Alfred Russel Wallace (1823-1913) co-discovered the process of evolution by natural selection along with Charles Darwin, but he always felt there was something beyond evolution itself. Professor Jones explores the dilemmas raised by Wallace's evolutionary theories of natural selection in the light of Wallace's spiritual beliefs and examines how these questions align with science today and current religious precepts. In spite of the parallels drawn, Professor Jones surmises that in the end it may be that Darwin was closer to the truth than Wallace.


Wallace was certain that Homo sapiens had 'something which he has not derived from his animal progenitors - a spiritual essence or nature... (that) can only find an explanation in the unseen universe of Spirit.' However, Charles Darwin was dubious about such use of his ideas. Jones says: 'On balance, I go with Darwin, but Wallace still tells us something useful about ourselves.'


About Steve Jones


Steve Jones is Emeritus Professor of Genetics at University College London, and has 30,000 pickled snails locked away in the Museum. He describes himself as a serial plagiarist, having tried to rewrite (or at least update) all the works of Charles Darwin for a modern audience. He has now embarked on the ultimate plagiarism: to rewrite the Bible as a scientific text, from the Big Bang to the heat death of the Universe (not to mention the whole of evolution and brain science)

 

Free tickets need to be booked in advance
Find out more and book your free tickets online
Doors open 16.30

 

Notes:

There will be no cloakroom facilities for this event and all items left in the NHM cloakrooms should be retrieved prior to the event. There are currently no lift facilities to the Flett Theatre. If you have any questions regarding access please contact m.rose@nhm.ac.uk

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Happy Wallace Year 2013 - Welcome to Wallace100!w100_black.SMALL.jpg

 

Museum Wallace News

 

  • The 8th of this month sees Wallace's 190th birthday and on the 24 January the Museum will launch its Wallace100 events programme at an invitation-only evening function. During the event the Wallace Correspondence Project's digital archive of Wallace's correspondence, Wallace Letters Online, will be officially launched by comedian and natural historian Bill Bailey.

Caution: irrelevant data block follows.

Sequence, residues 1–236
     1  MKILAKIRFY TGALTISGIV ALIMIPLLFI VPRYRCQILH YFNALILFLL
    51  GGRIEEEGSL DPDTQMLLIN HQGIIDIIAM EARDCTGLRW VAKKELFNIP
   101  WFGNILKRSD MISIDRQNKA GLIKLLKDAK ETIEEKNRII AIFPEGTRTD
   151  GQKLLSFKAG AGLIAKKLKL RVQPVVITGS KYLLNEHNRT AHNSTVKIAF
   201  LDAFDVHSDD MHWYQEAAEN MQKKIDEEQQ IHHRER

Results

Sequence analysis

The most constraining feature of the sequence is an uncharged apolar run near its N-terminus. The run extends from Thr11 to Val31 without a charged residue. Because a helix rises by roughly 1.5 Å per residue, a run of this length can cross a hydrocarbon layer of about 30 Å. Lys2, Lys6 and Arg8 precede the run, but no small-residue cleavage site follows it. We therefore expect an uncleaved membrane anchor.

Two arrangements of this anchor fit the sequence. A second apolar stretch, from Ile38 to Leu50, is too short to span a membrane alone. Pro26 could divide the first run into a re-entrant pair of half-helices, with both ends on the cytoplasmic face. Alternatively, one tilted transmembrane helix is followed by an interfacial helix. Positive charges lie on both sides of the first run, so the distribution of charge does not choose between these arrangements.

Bill will also unveil a magnificent oil painting of Wallace which will hang on the wall to the right of the Darwin statue on the main stairs of the Museum's Central Hall. This portrait was actually donated to the Museum in 1923 to commemorate Wallace's 100th birthday, and it hung in that exact location for 50 years until it was put into storage.
  • The first public Wallace100 event of the year will take place on the 25 January. It will be a Nature Live talk by myself and Caroline Catchpole about the Museum's unrivalled archive of Wallace's manuscripts.
  • The next of the Museum's Wallace100 events will be a public lecture by the well-known geneticist and science writer Steve Jones on the 7 February. His talk is entitled "Wallace and the Joy of Sects: Rewriting the Bible as a scientific text"  and, although it is free, you will need to book a ticket to attend. Steve's talk is the first of 10 monthly talks in the Museum's Wallace100 Lecture Series.
  • The campaign to raise funds for a life-size bronze statue of Wallace for the Museum unfortunately has to close at the end of this month. So far about £19,000 has been contributed by about 45 generous donors, which is enough to commission a twice-life-size portrait bust of Wallace *IF* the campaign fails to reach its £50,000 target. So, please consider donating (any sum large or small) and entering the Free Prize Draw

 

Other News

 

  • Richard Dawkins suggests we should celebrate Wallace's birth in the same way that we celebrate Christmas.
  • The Biological Journal of the Linnean Society has a FREE 'virtual' issue dedicated to Wallace - very appropriate given that the seminal paper by Darwin and Wallace on evolution by natural selection was published by the Society in 1858.
And Finally ...